As our hypothetical investor has $185,000 to work with, a large minimum is not really an issue but for people with relatively smaller amounts to invest, this could be a challenge. To broaden the applicability, I have set a minimum initial investment of less than $5,000. Many mutual funds also have minimums for subsequent investments, although these minimums are often further reduced for pre-authorized contributions. Given that our investor wants to make bi-weekly contributions that add up to about $5,000, he is looking at a contribution amount of a little less than $200. I also made sure that the funds in question were eligible for RRSPs. The result: our universe of available funds was reduced to 250.
Management Expense Ratio (MER)
Research by Morningstar has shown that there is a significant inverse relationship between the fees charged to manage a mutual fund and the performance of that fund. In other words, the probability is that a mutual fund with a lower MER will likely do better than a mutual fund with a higher MER. Put differently, “you get what you don’t pay for.”
So far, I have selected the category of Global Neutral Balanced and for minimum initial investments of less than $5,000. The MER for the priciest mutual fund is an amazingly expensive 3.00%, while the lowest MER rings in at only 0.77%. On the basis of Morningstar’s research, I am going to limit the MER to anything below the average. The highest MER has now been brought down to 1.65%. This also reduced the eligible funds down 29.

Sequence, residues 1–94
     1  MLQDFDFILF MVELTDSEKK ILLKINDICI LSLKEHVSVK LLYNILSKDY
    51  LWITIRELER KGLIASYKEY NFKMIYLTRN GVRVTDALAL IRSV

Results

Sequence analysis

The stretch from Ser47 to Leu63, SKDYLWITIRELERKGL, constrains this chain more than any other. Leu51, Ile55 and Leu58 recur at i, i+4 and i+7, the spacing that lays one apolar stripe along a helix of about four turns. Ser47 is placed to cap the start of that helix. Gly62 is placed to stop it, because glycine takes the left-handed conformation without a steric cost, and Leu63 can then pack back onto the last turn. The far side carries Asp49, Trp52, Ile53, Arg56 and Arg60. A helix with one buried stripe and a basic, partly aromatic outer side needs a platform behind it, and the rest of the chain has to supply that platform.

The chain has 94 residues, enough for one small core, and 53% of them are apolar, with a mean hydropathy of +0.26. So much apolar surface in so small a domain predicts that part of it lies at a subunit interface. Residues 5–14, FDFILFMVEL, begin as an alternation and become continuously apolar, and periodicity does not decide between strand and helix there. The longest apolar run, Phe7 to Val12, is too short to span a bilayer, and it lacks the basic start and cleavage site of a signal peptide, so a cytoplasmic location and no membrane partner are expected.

There are several ways of measuring the risk inherent in a mutual fund investment. Risk in the investment world is less about the risk of loss than it is about deviation from the expected return. Despite an expected return of, for example, 7% per year, you may never actually have a year in which the fund had an investment return of 7%. It could easily fluctuate from a 3% loss one year to a 17% gain the next. That is risk. Here is a chart that illustrates the risk known as standard deviation:
Most of the time, returns will fall somewhere in the middle of the bell curve, but at either end of the curve there can be an increasingly unlikely outcome of really awful (left “tail”) or really wonderful (right “tail”) returns. While we would all love to have a very fat, long right tail, and a very short skinny left tail, we usually have to take the bad with the good.
Returning to our global neutral balanced fund search under risk, standard deviation is one of the available statistical analyses available. In order to sleep better at night, I will select for lower than average standard deviations. Available funds are now reduced to 20.